Violence Prevention and Control
Research and Programmatic Efforts in Minnesota:
The Next Step


At the national level, an average of sixty-five people a day die from interpersonal violence and more than 6000 are physically injured each day (Mercy et al., 1993). In 1988, an estimated 1,016 to 2,026 children died from physical abuse and neglect (McClain et al., 1993), and earlier data from a 1988 study by Westat cited in Mercy et al. (1993) revealed that a minimum of 1.6 million children experienced some form of non-fatal abuse or neglect. Homicide, accounting for over 20,000 deaths each year, is the second leading cause of death for ages 15-34, and is the leading cause of death for young African American males (Fingerhut and Kleinman, 1990; Singh, Kochanek, and MacDorman, 1996). The Department of Justice's 1991 report on Criminal Victimization in the U.S. as cited in Mercy et al. (1993) revealed that non-fatal assaults account for a higher risk among those 12-24 years of age than in any other age group. Furthermore, although males have the highest rate of work-related homicide, it is the leading cause of death for women in the workplace, accounting for 40% of all occupational deaths among women (Jenkins et al., 1993; NIOSH, 1996).

The magnitude of the problem is also revealed in cost estimates. Between 1987 and 1990, the average costs of medical and mental health treatment, emergency medical response, productivity losses, and administration of health insurance and disability payments for the victims of assaultive injuries were estimated at $34 billion, with lost quality of life estimated at an additional $145 billion (Miller et al., 1993).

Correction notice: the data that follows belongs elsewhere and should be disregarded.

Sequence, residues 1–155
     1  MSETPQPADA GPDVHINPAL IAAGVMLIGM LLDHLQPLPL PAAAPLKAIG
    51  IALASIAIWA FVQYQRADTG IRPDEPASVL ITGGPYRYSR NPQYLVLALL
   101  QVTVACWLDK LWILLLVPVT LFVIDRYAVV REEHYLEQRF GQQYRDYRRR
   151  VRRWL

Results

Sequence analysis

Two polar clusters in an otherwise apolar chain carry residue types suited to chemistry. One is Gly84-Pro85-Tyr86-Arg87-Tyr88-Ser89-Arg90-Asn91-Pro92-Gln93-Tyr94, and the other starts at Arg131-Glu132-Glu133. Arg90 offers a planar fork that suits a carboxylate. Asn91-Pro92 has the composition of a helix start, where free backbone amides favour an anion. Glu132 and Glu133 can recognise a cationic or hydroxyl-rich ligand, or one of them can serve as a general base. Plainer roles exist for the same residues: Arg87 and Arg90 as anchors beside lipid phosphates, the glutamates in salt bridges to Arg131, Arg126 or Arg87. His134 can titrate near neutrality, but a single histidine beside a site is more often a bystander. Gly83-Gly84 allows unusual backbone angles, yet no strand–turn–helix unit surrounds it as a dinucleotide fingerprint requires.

Evidence of violence exists at the state level as well, even in states presumed to be relatively safe, such as Minnesota. Statistics indicating the level of violence in Minnesota were compiled by a Violence Prevention Advisory Task Force (1995) and the Office of Drug Policy and Violence Prevention, for the consideration and action of the state's Governor and Legislature; selected examples follow.

In 1993, violent crime (murder, rapes, robberies and aggravated assaults) accounted for 8% of all criminal offenses, an increase for the state over the preceding year. Total criminal offenses were 199,691; violent offenses known or reported to police increased 31% from 1987 to 1993, while arrests for violent offenses increased 41%. In addition, the number of adult felony court cases increased 47% during that time, while the prison population increased 65% (Minnesota Department of Public Safety, 1995).

The highest rate of homicides in the state of Minnesota, based on data from 1988 to 1992, occurred in children under age one (6.2/100,000); in Minneapolis the rate was 26.7/100,000 population (Minnesota Department of Public Safety, 1995). In 1992, the following proportions of Minnesota students reported that they had been physically abused or had witnessed abuse involving other family members: sixth grade, 17%; ninth grade, 21%; and twelfth grade, 18% (Minnesota Department of Public Safety, 1995). These data reveal the heightened vulnerability of our state's youngest citizens.

Racial incidents constituted 74% of all bias-motivated crimes in 1993. This has been interpreted by the Violence Prevention Advisory Task Force as suggesting that violence is being used as a means to resist Minnesota's growing diversity (Minnesota Department of Public Safety, 1995). As noted by this task force, the statistics, "...while not individually startling, collectively reflect a climate of violence in Minnesota. The sense of security that has pervaded Minnesota communities in the past has been seriously undermined by the violence evident in these statistics."

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